John W. Tilton: A man of vision
Elijah Tilton moved his family to this area from Ohio in 1852. Elijah’s son, William, farmed and at one time was postmaster of Chana. William also owned the Tilton Livery barn on the southwest corner of 4th Avenue and Main Street in Rochelle. This is the first record of the Tilton family in this community.
William and his bride had two sons, Floyd and Clarence. Both would become prominent in the Rochelle business community. Clarence built the first roller rink, owned a men’s clothing store and a cleaning/pressing establishment.
Our story will follow the path of Floyd and his son, John. In 1895, Floyd served in the Spanish American War and saw combat at the battle of Puerto Rico. After his service Floyd was a member of Company M, Third Illinois Volunteer Infantry.
Floyd J. Tilton moved into Rochelle in 1907 and opened a small law practice. During his time here he served as postmaster, city attorney and high school board president. He was also very active in the Elks, Masons and Veterans of Foreign Wars (VFW). In the VFW he is credited with the re-founding of the organization. Floyd led the campaign to bring back the VFW in 1944. He was elected as commander and in 1948 the local was re-named, “Floyd J. Tilton Memorial Post No. 3878, Veterans of Foreign Wars of Rochelle.”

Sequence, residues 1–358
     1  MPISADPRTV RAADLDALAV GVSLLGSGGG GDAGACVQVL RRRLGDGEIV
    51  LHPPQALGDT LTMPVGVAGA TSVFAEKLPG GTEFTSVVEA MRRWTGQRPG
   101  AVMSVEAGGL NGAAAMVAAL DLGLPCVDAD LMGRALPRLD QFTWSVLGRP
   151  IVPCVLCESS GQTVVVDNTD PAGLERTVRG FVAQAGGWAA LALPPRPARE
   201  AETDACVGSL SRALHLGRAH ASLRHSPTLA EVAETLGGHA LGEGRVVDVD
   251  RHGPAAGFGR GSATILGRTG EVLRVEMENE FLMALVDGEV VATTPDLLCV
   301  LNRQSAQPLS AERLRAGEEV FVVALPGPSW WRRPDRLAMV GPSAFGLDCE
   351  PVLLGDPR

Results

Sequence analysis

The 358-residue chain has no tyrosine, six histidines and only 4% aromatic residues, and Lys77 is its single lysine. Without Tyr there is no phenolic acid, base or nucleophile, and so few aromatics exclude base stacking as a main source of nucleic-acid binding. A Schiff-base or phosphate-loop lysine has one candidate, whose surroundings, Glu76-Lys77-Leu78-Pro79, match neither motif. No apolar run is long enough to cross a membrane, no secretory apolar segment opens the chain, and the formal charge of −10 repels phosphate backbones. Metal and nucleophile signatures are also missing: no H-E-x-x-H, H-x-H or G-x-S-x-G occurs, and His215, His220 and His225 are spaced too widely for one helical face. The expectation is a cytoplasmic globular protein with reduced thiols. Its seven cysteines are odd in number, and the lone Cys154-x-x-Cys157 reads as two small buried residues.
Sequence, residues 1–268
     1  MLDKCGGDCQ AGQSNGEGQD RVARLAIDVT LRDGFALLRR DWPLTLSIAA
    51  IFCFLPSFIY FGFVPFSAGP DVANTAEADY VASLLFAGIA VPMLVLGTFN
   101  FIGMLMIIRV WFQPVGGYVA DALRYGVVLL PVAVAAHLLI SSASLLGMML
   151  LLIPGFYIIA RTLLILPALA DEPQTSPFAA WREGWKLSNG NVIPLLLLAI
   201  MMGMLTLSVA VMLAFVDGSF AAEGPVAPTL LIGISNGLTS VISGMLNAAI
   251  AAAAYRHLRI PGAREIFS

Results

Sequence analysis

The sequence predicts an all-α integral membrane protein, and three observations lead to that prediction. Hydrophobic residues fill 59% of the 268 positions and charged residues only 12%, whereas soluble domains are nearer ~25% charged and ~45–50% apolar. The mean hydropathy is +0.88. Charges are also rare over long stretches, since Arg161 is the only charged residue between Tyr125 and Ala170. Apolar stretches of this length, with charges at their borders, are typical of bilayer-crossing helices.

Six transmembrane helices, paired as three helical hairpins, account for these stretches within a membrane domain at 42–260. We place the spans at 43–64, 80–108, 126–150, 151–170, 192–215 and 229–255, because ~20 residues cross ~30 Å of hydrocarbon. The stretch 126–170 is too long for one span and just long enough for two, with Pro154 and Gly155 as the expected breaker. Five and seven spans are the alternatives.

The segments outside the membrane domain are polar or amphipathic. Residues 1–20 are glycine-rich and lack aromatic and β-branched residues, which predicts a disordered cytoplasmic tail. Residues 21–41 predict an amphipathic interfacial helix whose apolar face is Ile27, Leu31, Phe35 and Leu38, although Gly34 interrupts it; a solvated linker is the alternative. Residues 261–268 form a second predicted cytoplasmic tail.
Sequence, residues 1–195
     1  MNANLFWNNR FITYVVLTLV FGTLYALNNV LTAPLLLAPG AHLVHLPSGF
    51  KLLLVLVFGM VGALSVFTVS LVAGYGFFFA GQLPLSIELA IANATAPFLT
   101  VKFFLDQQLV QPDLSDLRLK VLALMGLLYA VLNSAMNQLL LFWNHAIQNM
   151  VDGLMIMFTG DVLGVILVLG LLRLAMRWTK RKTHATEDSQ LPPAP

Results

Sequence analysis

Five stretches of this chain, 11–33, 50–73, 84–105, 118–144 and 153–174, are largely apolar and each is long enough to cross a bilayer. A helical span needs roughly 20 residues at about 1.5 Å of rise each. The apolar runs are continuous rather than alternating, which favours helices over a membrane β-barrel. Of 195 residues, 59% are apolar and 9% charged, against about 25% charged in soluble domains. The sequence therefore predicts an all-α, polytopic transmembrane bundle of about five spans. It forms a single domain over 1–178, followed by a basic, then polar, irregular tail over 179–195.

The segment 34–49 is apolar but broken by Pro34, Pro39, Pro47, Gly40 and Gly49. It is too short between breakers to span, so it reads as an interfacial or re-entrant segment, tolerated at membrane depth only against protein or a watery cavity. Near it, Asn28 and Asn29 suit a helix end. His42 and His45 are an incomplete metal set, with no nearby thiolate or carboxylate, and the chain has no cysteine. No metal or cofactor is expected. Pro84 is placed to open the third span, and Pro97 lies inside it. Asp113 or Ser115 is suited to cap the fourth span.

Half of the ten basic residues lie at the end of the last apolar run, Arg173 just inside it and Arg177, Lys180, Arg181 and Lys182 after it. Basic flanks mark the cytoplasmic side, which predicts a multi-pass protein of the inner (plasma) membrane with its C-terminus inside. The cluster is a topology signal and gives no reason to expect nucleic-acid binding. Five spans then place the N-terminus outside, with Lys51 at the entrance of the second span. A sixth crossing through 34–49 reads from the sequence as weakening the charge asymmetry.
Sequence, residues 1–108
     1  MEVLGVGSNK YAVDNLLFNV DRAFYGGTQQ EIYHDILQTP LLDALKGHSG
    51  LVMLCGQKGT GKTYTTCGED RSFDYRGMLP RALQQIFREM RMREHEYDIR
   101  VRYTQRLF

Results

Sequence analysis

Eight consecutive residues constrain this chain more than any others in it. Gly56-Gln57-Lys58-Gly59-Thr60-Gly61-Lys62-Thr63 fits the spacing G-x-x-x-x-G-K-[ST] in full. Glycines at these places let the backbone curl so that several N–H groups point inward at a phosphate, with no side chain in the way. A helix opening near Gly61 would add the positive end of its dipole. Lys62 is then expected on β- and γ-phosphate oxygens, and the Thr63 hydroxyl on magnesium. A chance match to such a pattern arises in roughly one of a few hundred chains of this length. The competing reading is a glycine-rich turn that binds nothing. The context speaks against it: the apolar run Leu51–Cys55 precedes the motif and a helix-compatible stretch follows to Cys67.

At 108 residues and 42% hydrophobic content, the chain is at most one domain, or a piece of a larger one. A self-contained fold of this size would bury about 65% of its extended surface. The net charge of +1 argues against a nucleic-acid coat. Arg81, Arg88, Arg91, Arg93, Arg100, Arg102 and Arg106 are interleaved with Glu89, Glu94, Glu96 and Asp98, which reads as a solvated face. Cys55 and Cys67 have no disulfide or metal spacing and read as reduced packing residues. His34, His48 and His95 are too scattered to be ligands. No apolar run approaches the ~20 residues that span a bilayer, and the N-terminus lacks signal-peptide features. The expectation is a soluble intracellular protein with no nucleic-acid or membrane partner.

Floyd and his wife, Mertha, had five children; Mary, Catherine, Norval, Charles and John. For this piece it is John that draws the greatest attention.
Born in 1911, John W. Tilton, lived his entire life in Rochelle. John attended Rochelle schools and received four varsity letters playing basketball and football for the Hubs. Rochelle was his home, and like his father, John was destined to have a major impact on the community.
Two things happened in 1932 that had a definite impact on the trajectory of John’s life. John purchased the “Rochelle Home Journal”, a local newspaper, for $10. In typical John Tilton fashion, the check had to be held until the weekend, when John would have enough money to cover the check. Secondly, John, like so many other kids in their 20s, had a brush with the law. John was arrested and given six years of probation.
John and his father Floyd published the first edition of the Northern Illinois Democrat on Feb. 9, 1933. Floyd was listed as editor and John as business manager. The name of the publishing end of the company was changed to John Tilton Industries. At the age of 22, John Tilton was now involved in two businesses.
The major competition for the Tilton enterprise was The Rochelle News and this would lead to one of John’s biggest headaches. John was still on probation when he went to Hot Springs, Arkansas for medical purposes. This was a violation of his probation, and mysteriously, the event was reported to the authorities. John was arrested for violation of probation and sentenced to serve the final six months of his probation in jail. After five years of following the rules, John was now looking at time in a cell. Who turned him in? Well, it just happened to be the owner of the Rochelle News, his competitor. The community went into an uproar and petitioned that all charges against John be dropped. On Sept. 24, 1937 President Franklin Roosevelt granted a presidential pardon, clearing John of all charges.